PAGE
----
The U.S. Olympic & Paralympic Committee should have no coverage in a lawsuit accusing it of negligence after a Paralympic swimmer said he was sexually abused by a teammate, an insurer for the committee told a Colorado federal court, citing an "absolute abuse or molestation" exclusion. 

  • June 24, 2024

    Justices To Review If Ch. 7 Trustee Can Recover Tax Payments

    The U.S. Supreme Court said Monday it would review a Tenth Circuit decision that found that the Chapter 7 bankruptcy trustee of a defunct Utah company could recover $145,000 in tax payments from the IRS.

  • June 24, 2024

    Justices Will Review Request To Rein In NEPA Requirements

    The U.S. Supreme Court on Monday granted seven Utah counties' request that it review a D.C. Circuit decision revoking federal approval of a rail line to transport crude oil from Utah.

  • June 22, 2024

    Disciplinary Judge Hesitant To Oust Embattled Colo. DA

    A Colorado attorney disciplinary judge said Friday he was uncomfortable removing an elected local prosecutor facing various misconduct charges, telling the parties after closing arguments that voters' choices should carry some weight.

  • June 21, 2024

    Real Estate Recap: Distressed Deals, Housing Hurdles, Infill

    Catch up on this week's key state developments from Law360 Real Estate Authority — including tips for guiding distressed office deals, the latest intel from Harvard University's Joint Center for Housing Studies, and how one U.S. city has been a magnet for federal funding of brownfield projects.

  • June 21, 2024

    Zoom Latest Tech Giant Accused Of Infringing NM Co.'s Patent

    A New Mexico company has hit videoconferencing behemoth Zoom with a patent suit in Colorado federal court, alleging that Zoom is knowingly infringing a patent for identifying voices across multiple telephone networks.

  • June 21, 2024

    Justices Strengthen Jury Trial Rights For Stiffer Sentences

    The constitutional rights to due process and trial by jury extend to a pivotal prong of a prominent sentencing enhancement for recidivism, the U.S. Supreme Court held in a Friday decision that casts doubt on many incarcerations and promises to reshape future trials.

  • June 21, 2024

    Justices Say No Feds, No Dice In Texas-NM Water Deal

    The U.S. Supreme Court on Friday ruled that Texas, New Mexico and Colorado improperly excluded the federal government from an agreement that resolved a Rio Grande water sharing dispute, rejecting the states' argument that the conflict was theirs alone to settle.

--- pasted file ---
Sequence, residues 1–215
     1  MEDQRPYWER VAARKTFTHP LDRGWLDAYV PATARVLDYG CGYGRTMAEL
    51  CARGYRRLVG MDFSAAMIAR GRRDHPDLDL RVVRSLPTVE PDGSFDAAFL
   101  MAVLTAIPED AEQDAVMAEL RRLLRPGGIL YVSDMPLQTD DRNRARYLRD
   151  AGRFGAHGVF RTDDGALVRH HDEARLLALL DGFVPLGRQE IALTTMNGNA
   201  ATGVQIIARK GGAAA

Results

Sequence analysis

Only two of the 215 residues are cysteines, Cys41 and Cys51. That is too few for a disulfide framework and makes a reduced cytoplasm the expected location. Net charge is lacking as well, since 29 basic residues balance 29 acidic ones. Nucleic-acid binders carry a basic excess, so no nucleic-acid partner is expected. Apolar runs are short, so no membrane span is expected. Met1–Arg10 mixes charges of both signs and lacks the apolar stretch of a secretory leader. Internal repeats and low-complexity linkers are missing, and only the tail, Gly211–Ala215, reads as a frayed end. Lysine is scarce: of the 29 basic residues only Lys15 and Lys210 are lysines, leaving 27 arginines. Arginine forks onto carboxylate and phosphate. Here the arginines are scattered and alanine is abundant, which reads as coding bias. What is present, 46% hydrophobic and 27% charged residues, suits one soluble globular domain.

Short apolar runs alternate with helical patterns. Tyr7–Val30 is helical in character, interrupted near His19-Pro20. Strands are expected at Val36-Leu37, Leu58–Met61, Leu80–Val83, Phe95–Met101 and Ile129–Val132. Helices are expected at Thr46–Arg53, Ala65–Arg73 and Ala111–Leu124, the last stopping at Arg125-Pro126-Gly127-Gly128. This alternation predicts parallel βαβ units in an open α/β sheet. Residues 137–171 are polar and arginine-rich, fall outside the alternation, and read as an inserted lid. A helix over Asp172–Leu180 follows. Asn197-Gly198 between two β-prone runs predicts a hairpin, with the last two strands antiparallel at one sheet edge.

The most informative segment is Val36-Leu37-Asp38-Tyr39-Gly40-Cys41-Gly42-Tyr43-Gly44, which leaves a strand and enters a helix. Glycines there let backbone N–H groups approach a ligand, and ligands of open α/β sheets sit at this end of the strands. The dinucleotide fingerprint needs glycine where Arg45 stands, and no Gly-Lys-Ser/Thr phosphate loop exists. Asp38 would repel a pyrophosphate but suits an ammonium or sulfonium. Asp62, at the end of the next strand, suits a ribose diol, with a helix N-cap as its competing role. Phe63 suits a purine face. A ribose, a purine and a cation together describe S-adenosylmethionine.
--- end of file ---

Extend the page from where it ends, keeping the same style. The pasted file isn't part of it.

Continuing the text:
• June 20, 2024

    Colo. Prosecutor Says Ex-DA Undermined Her Leadership

    An elected Colorado prosecutor facing disciplinary charges regarding her handling of a high-profile murder case pushed back on charges she was a negligent manager, telling a disciplinary panel Thursday she inherited a backlog of cases from a predecessor she said tried to undermine her office.

  • June 20, 2024

    Colo.'s Opt-Out Interest Rate Law Halted In Trade Group Suit

    A Colorado federal judge has temporarily barred the state from imposing more restrictive interest rate caps on consumer loans made by banks located outside of Colorado, siding with a coalition of lending groups seeking to invalidate a 2023 law aimed at reining in high-cost online loans.

  • June 20, 2024

    Eli Lilly Launches Round Of Diabetes Drug Suits

    Eli Lilly on Thursday hit various compounding pharmacies and medical spas in five states and the District of Columbia with suits saying that they trick consumers into thinking that they sell Eli Lilly medications that treat diabetes and obesity when actually they are copycats and are untested by the U.S. Food and Drug Administration.

Expert Analysis

  • Opinion

    Requiring Leave To File Amicus Briefs Is A Bad Idea

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    A proposal to amend the Federal Rules of Appellate Procedure that would require parties to get court permission before filing federal amicus briefs would eliminate the long-standing practice of consent filing and thereby make the process less open and democratic, says Lawrence Ebner at the Atlantic Legal Foundation and DRI Center.

  • 4 Ways To Motivate Junior Attorneys To Bring Their Best

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    As Gen Z and younger millennial attorneys increasingly express dissatisfaction with their work and head for the exits, the lawyers who manage them must understand and attend to their needs and priorities to boost engagement and increase retention, says Stacey Schwartz at Katten.

  • What Nevada 'Superbasin' Ruling Means For Water Users

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    The Nevada Supreme Court's recent decision in Sullivan v. Lincoln County Water District, affirming that the state can manage multiple predesignated water basins as one "superbasin," significantly broadens the scope of water constraints that project developers in Nevada and throughout the West may need to consider, say attorneys at Perkins Coie.

  • Series

    Serving As A Sheriff's Deputy Made Me A Better Lawyer